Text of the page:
With fewer than 350 North Atlantic right whales left on the planet, an encounter with this species is a rare and extraordinary experience. Adilson Gonzalez shares his first sighting of these critically endangered animals.
Right whale names open a unique window into a whale’s life, describing unique physical features and telling the story of the experiences that they have overcome.
But who’s behind naming the whales? Or why do they bother naming them? Here’s the how, the why, and much more.
The North Atlantic right whale is on the brink of extinction, but there’s still hope for it to survive. We’re committed to an all-hands-on-deck approach to saving New England’s iconic whale – from litigation to legislation to community engagement. As part of those efforts, we were thrilled to co-host the 2019 Right Whale Festival at the New England Aquarium with the Aquarium and Bow Seat Ocean Awareness Programs.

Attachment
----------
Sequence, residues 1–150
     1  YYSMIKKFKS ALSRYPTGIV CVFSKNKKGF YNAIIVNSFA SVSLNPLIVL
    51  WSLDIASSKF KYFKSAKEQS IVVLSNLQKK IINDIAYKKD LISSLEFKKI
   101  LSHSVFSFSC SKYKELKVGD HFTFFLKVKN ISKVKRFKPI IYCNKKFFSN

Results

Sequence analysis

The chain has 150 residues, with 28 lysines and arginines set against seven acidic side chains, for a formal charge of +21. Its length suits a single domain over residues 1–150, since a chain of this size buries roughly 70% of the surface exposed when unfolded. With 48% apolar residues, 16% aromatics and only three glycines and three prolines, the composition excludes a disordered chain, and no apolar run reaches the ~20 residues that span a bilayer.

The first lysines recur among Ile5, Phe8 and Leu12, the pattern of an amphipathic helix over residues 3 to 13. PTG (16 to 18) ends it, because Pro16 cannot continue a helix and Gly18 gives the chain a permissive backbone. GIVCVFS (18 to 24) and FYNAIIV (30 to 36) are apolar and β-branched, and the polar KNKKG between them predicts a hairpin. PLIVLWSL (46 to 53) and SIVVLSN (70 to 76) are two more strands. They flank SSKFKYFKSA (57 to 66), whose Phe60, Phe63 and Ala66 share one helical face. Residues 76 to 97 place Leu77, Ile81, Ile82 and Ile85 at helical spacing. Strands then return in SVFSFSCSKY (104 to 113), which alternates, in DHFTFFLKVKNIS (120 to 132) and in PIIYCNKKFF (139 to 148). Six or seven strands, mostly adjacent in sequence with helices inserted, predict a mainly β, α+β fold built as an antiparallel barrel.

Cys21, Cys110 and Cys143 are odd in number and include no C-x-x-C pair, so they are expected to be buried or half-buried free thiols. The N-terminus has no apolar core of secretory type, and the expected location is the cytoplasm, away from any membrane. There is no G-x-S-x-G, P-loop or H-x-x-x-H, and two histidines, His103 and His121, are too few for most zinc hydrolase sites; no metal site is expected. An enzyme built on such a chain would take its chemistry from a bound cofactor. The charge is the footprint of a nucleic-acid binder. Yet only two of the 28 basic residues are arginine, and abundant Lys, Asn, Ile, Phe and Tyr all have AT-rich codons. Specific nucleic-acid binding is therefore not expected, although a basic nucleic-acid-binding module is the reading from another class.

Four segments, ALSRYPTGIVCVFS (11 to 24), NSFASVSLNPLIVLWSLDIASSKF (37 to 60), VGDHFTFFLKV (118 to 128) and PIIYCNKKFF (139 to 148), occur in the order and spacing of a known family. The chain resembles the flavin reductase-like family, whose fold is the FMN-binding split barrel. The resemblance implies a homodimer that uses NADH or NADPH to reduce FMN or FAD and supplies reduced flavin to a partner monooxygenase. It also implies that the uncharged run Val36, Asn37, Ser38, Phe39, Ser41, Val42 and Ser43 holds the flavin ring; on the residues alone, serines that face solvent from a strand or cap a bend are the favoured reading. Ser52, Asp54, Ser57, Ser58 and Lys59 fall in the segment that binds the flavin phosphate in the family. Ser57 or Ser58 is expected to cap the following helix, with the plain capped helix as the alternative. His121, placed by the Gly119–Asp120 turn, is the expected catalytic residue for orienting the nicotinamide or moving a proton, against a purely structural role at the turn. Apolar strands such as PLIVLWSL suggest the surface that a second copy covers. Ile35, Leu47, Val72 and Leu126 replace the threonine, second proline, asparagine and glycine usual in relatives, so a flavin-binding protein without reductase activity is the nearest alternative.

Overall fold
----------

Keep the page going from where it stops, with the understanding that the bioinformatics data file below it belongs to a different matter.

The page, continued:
North Atlantic right whales are on the brink of extinction. So few are left that your chances of spotting one in the wild are slim, but thanks to technology, you can track the latest intel on New England’s native whales, including up-to-the minute sighting information.
North Atlantic right whales are in crisis. Last year, we lost 17 whales out of a population of barely 460. If we don’t act now, this already-endangered species could go extinct in our lifetimes. CLF recently hosted a conversation with experts on right whales to discuss this crisis – and what can be done to… Continue reading WATCH: Right Whales on the Brink of Extinction